It may have taken more than three decades, but the Warren Alpert Medical School now has a home.
For the first time in Brown's history, the medical school on August 15 opened its own campus, a keystone building in Providence's jewelry district near the city's teaching hospitals. The location also places the school near a number of companies working on products in biotechnology and genomics, the nucleus of an attempt by the city and state to grow Providence's "knowledge economy."
"This gives [Brown medical students] an identity," Dean of Medicine and Biological Sciences Ed Wing said at the opening ceremony. "For thirty-seven years, they have not had a building they could call their own."
Rhode Island's entire U.S. Congressional delegation, as well as the state's governor and the city's mayor, spoke at the ribbon-cutting event at the renovated former headquarters of a costume jewelry manufacturer. Officials said they hoped the site of one Providence's formerly dominant industries will now be a pillar of a new economic foundation based on medicine and scientific research.
"In an otherwise all-too-difficult economic environment," President Ruth Simmons said, "this project makes plain what investments and partnerships are needed for the resurgence of this area of Providence."
"This building is a focal point of two extraordinarily important forces," U.S. Senator Jack Reed said. "One is the emerging biotechnology industry, which will be, I think, the future of this state." In addition, he added, "This school will produce the most important element of the future of the health-care system: the doctors."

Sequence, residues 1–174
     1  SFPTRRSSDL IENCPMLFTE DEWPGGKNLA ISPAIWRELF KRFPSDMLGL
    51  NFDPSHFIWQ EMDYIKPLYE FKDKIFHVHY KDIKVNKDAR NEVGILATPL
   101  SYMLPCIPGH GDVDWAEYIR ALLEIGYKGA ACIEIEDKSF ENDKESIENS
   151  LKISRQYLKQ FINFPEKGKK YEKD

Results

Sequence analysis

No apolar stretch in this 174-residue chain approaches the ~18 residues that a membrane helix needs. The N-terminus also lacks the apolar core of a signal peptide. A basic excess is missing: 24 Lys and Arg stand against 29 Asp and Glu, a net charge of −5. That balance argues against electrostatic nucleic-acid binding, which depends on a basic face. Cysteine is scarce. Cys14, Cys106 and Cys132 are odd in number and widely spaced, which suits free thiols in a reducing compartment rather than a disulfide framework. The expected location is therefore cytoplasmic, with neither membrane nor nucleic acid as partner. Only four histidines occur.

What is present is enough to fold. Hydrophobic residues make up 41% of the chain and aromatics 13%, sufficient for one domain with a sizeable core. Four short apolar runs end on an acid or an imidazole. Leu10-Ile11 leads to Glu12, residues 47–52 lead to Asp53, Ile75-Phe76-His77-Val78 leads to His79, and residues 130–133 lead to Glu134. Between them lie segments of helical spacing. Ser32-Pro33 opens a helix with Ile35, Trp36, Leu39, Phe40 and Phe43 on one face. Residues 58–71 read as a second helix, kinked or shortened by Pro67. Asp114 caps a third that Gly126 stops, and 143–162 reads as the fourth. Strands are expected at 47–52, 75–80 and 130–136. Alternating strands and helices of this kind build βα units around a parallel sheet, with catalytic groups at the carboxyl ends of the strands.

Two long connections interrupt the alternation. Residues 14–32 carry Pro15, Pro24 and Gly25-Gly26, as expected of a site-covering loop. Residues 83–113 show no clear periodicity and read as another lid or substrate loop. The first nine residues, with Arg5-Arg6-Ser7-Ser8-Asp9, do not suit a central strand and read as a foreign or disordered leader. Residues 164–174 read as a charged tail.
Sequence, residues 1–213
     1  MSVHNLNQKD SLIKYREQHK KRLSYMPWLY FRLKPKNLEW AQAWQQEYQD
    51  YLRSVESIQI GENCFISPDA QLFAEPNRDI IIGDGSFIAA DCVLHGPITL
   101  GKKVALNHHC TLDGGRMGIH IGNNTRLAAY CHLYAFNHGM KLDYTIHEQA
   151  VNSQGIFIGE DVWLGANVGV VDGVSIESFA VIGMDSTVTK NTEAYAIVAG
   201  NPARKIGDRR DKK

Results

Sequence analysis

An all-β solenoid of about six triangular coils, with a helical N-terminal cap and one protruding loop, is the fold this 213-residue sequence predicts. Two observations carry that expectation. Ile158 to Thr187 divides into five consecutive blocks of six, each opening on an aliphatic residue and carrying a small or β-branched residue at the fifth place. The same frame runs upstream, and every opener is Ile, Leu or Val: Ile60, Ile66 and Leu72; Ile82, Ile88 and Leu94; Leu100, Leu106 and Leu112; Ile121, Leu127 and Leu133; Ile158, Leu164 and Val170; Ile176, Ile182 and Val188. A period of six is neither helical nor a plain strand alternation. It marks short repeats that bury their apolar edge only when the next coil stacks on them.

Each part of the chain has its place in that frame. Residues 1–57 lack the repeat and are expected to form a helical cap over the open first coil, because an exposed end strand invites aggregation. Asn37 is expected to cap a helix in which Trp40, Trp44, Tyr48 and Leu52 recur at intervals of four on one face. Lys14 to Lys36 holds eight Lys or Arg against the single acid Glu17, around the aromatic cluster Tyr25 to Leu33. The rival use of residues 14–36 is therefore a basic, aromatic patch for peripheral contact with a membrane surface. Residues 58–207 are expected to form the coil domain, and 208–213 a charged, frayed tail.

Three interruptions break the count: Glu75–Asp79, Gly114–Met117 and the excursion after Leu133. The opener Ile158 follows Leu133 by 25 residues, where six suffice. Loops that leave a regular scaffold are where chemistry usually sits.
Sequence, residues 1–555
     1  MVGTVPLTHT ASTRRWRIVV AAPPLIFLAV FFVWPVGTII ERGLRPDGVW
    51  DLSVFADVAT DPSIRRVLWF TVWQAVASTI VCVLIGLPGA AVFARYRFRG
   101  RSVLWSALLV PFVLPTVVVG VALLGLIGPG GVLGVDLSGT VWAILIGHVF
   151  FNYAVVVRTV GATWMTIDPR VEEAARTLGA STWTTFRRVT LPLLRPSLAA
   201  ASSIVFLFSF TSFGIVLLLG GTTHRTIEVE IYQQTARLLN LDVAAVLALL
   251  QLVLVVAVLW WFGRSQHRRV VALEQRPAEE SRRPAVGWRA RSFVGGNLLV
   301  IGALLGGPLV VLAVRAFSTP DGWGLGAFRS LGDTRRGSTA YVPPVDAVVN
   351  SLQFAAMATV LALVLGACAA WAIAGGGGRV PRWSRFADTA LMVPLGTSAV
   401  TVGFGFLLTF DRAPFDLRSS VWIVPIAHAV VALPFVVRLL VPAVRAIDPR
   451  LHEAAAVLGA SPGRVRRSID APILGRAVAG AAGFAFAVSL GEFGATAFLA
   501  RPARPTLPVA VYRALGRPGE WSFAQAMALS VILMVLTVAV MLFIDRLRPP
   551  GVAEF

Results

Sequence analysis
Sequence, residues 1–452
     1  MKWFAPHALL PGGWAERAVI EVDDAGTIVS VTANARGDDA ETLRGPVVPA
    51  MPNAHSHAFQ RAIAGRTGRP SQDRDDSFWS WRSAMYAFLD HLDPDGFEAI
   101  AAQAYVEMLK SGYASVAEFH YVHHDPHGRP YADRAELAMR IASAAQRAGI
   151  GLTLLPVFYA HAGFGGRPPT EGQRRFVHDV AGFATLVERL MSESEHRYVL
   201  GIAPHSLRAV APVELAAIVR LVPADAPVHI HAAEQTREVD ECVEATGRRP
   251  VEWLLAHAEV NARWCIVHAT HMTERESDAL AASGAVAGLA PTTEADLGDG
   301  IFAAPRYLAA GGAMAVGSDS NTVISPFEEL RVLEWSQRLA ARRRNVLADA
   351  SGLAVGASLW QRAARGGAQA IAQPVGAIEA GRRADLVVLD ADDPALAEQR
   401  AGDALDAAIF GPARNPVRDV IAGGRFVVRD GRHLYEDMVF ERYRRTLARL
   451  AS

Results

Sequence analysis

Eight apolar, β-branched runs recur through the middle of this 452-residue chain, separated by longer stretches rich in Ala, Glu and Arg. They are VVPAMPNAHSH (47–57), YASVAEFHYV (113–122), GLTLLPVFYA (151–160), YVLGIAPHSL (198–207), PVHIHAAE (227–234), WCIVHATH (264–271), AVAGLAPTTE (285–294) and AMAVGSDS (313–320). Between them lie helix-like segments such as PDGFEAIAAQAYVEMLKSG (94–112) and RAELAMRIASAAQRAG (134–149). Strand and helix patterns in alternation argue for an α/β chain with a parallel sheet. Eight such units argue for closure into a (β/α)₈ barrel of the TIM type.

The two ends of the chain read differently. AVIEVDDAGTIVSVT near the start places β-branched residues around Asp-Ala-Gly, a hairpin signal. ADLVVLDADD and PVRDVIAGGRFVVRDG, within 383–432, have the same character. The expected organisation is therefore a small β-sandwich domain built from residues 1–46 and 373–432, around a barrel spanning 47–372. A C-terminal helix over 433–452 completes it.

Rhode Island's other U.S. Senator, Sheldon Whitehouse, echoed the sentiment. "We are on the cusp of extraordinary innovation in the way health care is delivered in this country." Health care, he said, cannot continue to burn up such a large percentage of the nation's gross domestic product. "It has to change. It must change, and I believe this institution will help drive that change."
The $45 million renovation of the 134,000-square-foot, four-story building features new lecture halls, seminar rooms, and anatomy labs, as well as an electronic library overseen by a full-time librarian. A favorite of medical students is likely to be the building's sixteen clinical simulation suites. These are essentially examination rooms in which medical students can interview and treat patients while being videotaped, allowing teachers to review their technique.
The building and all it represents, said U.S. Congressman Jim Langevin, "is really a great shot in the arm for our struggling state."